Labour forecast to fall short of overall majority by 3
This is the latest UK-Elect forecast for the 2016 Welsh Assembly Election. It predicts Labour to fall 3 seats short of a majority due to significant gains by UKIP.
This forecast was created on May 27th 2015. Further forecasts will be made at frequent intervals before the next Welsh Assembly Election.
The overall percentages used for this forecast were based on the actual result at the 2015 UK General Election. The percentages used for both the Constituency and AMS Regional Member vote were: Constituency Vote: Lab 36.88% Con 27.22%, UKIP 13.64%, Plaid Cymru 12.13%, Lib Dem 6.53%, Green 2.56%. Other parties votes were not specifically set. (In reality of course, the AMS votes are likely to differ from the constituency votes, so this forecast should be regarded as a "What If the 2016 Welsh Assembly percentages were similar to the 2015 UK General Election" forecast. As a general guide, as soon as a party that does not win any constituencies reaches about 5% in the AMS regional vote, it will start to win seats rapidly.)
(If you prefer to forecast using alternative forecasting methods, your own percentages, thecurrent opinion polls, using tactical voting, or even using different electoral systems, browse the UK-Elect on-line shop )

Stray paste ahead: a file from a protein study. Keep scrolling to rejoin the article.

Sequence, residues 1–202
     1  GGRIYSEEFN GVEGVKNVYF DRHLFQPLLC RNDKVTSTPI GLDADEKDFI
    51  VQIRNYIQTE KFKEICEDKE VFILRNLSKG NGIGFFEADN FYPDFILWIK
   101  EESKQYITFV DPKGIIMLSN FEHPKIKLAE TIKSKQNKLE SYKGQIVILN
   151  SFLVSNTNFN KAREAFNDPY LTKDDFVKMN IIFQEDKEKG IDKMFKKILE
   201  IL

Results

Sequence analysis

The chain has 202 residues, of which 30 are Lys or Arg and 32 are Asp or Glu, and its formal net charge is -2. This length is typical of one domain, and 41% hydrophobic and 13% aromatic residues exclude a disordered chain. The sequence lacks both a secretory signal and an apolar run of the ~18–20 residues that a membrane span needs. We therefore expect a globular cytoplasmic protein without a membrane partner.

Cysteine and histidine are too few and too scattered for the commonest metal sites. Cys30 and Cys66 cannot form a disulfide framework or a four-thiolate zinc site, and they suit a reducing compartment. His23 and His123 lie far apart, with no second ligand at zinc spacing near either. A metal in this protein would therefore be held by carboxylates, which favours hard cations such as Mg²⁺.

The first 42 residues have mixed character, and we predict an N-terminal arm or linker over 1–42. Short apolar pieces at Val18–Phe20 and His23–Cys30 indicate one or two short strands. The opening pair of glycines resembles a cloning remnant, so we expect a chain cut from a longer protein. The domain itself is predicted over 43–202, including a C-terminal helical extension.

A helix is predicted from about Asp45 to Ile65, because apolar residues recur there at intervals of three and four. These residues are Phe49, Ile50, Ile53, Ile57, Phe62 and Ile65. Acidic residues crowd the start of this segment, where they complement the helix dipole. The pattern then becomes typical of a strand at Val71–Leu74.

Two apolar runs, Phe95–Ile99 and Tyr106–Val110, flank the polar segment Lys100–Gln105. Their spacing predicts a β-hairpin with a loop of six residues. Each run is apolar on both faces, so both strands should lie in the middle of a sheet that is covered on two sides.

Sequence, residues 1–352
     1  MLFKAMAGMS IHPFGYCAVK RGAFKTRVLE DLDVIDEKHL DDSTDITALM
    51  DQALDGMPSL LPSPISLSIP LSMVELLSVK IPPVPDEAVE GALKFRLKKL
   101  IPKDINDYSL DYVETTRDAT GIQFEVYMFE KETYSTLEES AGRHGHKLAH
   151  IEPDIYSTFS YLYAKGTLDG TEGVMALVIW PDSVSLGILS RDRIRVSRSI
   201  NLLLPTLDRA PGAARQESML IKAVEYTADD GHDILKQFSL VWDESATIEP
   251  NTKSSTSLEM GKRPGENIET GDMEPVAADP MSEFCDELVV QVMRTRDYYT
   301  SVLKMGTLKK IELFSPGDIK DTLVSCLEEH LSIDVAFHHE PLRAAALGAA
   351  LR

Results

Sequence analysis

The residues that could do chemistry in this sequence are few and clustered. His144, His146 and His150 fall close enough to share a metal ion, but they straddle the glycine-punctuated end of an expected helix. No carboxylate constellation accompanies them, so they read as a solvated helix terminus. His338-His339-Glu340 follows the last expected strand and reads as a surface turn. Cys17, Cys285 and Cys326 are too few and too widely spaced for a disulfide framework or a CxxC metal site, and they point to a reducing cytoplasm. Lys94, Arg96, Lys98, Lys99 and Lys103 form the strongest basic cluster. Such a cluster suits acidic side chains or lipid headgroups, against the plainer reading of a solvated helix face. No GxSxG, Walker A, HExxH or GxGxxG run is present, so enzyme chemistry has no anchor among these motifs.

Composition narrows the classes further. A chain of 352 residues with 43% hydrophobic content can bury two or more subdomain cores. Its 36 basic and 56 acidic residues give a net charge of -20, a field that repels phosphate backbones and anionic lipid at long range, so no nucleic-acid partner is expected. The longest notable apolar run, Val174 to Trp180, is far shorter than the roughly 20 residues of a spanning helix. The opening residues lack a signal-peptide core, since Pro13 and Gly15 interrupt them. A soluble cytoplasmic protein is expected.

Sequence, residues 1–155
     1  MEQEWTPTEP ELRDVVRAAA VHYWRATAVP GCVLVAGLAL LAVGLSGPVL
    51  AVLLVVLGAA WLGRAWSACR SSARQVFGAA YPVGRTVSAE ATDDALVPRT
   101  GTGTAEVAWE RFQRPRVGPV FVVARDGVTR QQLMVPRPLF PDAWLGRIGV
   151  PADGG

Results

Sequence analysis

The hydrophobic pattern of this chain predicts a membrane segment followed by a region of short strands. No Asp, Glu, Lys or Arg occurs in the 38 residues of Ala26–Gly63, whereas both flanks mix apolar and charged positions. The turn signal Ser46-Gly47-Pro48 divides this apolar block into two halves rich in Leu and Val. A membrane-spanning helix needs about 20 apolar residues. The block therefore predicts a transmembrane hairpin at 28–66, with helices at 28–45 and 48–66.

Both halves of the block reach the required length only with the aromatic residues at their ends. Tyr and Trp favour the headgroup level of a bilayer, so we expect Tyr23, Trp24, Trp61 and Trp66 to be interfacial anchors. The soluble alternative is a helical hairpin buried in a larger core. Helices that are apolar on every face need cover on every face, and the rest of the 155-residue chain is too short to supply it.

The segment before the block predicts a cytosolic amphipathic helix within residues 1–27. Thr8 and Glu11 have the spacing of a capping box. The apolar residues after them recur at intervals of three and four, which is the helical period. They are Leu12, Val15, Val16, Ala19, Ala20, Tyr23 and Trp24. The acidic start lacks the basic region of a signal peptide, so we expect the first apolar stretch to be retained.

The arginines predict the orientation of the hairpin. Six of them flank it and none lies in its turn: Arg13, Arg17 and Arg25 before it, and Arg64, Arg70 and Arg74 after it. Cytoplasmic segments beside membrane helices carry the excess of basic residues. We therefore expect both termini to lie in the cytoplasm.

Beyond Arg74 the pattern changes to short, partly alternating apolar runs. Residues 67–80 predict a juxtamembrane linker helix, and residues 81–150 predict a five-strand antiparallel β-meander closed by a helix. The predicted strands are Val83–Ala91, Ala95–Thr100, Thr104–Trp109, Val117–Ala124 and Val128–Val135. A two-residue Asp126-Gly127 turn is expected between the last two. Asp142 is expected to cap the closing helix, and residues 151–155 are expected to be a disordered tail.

Also, if you would like to forecast the Scottish Parliament, Welsh Assembly, London Assembly or your own local election, as well as the General Election, then click here to purchase
Notes: The forecast base was the 2011 Welsh Assembly Election. The UK-Elect v10.0 forecasting method was used (UK-Elect supports many alternatives). The forecast was (of course) made using the Additional Member System used in the Welsh Assembly elections, and which produced particularly interesting results in this case due to the exact workings of the d'Hondt calculations.) Changes and swings are in comparison with the current situation.Suggestions and Corrections: UK election forecasts are sometimes very controversial. To notify us of any suggested change to this one, or to let us know of any part of it that is just dead wrong, please email us on firstname.lastname@example.org.